When the Federal Office of Child Support Enforcement announced five years ago that it wanted to see real innovation in child support enforcement, Colorado leaped at the challenge. The Colorado Department of Human Services was awarded $2.3 million over five years and used this money to dramatically transform practice and the fundamental way we think about child support enforcement by using a 2Gen lens and working with Ascend staff to think about a different future for children.

Colorado called this new approach the Colorado Parent Employment Program, or CO-PEP. The state started the redesign with a practice that should be a part of every 2Gen effort – program architects listened carefully to the voices of family members who were experiencing traditional child support enforcement.

Ultimately, the state pursued a strategy that would move from a punitive to a supportive approach. It should come as no surprise that the outcomes for families have been truly remarkable.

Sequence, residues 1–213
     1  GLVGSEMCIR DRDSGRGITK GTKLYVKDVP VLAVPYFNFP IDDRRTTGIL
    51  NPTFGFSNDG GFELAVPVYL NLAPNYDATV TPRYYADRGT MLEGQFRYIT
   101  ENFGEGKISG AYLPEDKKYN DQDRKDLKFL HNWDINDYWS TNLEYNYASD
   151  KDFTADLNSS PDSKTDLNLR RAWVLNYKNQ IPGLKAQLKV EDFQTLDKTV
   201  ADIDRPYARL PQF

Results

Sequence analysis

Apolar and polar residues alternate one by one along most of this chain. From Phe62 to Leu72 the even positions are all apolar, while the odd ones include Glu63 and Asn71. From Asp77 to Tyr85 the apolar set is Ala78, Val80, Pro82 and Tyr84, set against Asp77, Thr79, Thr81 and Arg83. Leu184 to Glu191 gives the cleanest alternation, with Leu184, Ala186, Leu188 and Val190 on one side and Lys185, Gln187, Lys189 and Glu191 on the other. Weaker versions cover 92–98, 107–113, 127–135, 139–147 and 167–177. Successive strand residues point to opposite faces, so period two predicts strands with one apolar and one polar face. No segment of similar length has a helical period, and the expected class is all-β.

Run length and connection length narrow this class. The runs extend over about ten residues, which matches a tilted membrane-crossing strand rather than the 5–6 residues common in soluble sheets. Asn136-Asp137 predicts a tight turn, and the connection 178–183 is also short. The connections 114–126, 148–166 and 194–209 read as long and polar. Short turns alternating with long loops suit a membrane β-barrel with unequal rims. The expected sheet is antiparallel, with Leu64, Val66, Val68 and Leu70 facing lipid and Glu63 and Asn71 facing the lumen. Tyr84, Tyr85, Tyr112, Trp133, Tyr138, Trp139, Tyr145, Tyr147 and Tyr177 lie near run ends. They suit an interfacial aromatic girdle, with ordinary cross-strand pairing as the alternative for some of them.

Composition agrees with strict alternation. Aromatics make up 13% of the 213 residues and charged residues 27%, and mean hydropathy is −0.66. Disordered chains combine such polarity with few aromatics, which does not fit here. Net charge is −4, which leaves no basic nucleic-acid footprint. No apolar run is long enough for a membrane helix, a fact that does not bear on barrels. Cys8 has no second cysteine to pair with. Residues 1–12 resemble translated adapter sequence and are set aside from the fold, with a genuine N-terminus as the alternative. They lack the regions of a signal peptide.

Through CO-PEP, the Department focuses on helping non-custodial parent overcome barriers to employment so they can financially support their children – a quintessential 2Gen approach. Colorado found a preponderance of absentee parents who were “willing but unable” to pay child support and who were willing to engage in work, treatment, and other supports.

Read the full article on engaging absent parents by Reggie Bicicha and Roxane White at The Aspen Institute